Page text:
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Old 08-10-17, 08:29 AM   #26
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This articles point on protein is based on the premise and study of those that live a sedentary life. The OP want to do endurance rides and that is not a sedentary life. Additionally the article says that upping the protein level through certain diets might lead to ketosis. Ketosis being a depleted glycogen state an the body depending largely on fat stores for muscle energy.

Not a great thing for someone wanting to perform on their bicycle. Okay for anyone wanting to stay in the low zones, but not good for anyone that wants to finish in the top 50 percent of the pack. Definitely won't win any sprints when among the carbohydrate burner.
All very true. And endurance athletes have a greater need for both protein and carbohydrates because endurance work depletes both. We burn protein during endurance exercise, not just carbs and fat. For a complete overview (ignore the product pushing) of protein use during and after exercise, see: How Much Protein? | Hammer Nutrition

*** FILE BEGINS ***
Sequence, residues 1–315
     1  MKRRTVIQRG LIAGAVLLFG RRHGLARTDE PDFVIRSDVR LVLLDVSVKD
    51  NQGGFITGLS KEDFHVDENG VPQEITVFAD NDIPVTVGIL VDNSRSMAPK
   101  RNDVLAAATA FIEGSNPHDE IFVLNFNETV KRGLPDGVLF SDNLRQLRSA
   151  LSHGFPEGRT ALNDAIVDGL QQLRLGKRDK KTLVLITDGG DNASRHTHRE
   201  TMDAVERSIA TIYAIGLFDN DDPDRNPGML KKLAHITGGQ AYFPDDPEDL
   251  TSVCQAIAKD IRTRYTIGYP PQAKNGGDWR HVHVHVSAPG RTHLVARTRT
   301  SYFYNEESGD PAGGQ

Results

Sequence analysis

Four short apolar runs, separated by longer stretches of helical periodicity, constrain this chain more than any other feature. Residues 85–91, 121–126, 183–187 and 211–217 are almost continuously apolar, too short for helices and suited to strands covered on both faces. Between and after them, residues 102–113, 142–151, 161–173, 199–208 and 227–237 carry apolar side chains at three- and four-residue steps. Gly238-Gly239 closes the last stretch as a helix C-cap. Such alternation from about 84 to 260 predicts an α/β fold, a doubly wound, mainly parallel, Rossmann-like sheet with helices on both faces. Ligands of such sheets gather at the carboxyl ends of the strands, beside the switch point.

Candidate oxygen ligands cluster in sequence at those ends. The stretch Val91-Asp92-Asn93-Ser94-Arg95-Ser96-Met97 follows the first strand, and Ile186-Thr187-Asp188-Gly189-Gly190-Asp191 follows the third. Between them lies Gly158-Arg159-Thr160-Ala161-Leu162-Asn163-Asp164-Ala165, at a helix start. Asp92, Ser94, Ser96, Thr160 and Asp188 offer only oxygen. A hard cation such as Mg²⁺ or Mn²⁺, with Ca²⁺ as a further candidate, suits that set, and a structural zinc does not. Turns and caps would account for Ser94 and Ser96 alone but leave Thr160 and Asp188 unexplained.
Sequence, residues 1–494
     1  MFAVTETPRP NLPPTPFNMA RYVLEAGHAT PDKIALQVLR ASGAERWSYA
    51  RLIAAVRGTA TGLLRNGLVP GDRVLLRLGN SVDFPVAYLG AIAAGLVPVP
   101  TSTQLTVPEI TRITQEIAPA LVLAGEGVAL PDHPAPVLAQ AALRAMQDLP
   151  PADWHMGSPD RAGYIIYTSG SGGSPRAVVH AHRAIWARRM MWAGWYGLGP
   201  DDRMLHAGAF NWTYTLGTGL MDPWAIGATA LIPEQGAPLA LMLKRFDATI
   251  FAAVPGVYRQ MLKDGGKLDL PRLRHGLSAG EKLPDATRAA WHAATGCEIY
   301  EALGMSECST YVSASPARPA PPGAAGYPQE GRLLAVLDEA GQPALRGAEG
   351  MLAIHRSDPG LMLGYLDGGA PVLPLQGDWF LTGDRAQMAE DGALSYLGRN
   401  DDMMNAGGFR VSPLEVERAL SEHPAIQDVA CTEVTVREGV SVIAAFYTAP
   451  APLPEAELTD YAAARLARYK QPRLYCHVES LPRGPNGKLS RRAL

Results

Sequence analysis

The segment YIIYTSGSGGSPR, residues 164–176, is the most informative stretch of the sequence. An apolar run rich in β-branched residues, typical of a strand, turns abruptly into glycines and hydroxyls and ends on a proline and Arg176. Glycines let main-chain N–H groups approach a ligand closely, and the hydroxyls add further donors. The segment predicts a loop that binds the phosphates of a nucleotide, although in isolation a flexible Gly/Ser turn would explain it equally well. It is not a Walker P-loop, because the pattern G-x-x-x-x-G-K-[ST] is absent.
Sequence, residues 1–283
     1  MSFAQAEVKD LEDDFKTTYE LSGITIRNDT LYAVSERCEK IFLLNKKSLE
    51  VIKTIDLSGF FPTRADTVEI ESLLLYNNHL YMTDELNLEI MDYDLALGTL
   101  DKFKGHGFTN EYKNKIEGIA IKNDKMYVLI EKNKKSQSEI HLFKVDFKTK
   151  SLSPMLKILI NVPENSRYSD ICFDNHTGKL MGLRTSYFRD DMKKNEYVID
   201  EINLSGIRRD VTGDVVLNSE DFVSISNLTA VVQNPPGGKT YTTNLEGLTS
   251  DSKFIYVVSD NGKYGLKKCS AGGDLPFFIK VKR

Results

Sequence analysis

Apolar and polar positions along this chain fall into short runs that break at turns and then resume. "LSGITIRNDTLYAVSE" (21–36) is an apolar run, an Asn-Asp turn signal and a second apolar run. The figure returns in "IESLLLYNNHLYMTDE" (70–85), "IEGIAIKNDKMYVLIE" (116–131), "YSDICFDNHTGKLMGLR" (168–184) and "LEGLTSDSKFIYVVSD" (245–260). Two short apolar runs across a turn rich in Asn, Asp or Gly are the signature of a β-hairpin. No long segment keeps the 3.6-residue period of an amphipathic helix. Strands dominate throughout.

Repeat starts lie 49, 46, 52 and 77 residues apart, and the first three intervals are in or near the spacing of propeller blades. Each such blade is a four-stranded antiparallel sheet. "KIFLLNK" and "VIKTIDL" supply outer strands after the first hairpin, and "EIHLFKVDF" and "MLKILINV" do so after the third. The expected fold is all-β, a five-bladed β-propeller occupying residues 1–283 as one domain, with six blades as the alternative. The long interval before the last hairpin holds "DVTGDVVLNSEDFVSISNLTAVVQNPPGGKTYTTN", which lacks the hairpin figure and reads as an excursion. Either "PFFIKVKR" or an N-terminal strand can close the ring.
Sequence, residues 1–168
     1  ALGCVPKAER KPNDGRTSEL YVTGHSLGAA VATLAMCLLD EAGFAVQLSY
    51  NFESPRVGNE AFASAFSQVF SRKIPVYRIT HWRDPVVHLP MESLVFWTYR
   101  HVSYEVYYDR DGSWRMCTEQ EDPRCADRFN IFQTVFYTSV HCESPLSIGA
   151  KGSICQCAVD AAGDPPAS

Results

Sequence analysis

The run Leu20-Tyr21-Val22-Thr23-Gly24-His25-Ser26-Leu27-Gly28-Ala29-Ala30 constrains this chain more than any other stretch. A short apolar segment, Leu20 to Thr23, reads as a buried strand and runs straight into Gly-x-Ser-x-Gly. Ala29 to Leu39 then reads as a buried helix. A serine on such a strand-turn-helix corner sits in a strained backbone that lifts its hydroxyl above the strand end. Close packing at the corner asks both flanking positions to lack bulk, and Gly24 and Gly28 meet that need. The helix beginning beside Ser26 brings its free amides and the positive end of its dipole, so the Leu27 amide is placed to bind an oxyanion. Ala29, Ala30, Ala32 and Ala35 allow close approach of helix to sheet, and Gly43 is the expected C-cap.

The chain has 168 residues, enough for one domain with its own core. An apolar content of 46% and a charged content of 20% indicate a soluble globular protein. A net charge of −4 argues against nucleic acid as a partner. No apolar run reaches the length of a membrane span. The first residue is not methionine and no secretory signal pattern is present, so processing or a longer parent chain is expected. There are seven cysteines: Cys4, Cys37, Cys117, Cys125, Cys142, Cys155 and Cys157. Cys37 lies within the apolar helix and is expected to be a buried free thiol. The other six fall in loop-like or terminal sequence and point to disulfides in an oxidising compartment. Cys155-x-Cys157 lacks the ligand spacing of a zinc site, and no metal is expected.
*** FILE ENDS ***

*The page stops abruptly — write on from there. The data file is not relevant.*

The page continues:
I think this link agrees with the experience of athletes on BF. At 72, I squat more than I did at 21, am only 8 lbs over my senior HS weight, 23 BMI, and have no problem riding double centuries. It works.

You are reiterating the need for a balanced diet, very good. Protein is a component of that balanced diet. As I said in the beginning, when your legs hurt on the bike, you need more protein. Otherwise, not. It's a tell that's more useful than spending hours trying to see if you are getting 1.5g/kg/day with the correct amino acid profile. That's nice if you're a researcher, useless if you're an athlete trying to train. There's no harm in going over the absolute minimum protein requirement as long as one is also getting enough carbs and fat to perform.

What's weird is this business of trying to limit protein to the absolute calculated minimum, but ignoring such calculations for carbs and fat. What's with that?
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Old 09-06-17, 11:32 AM   #27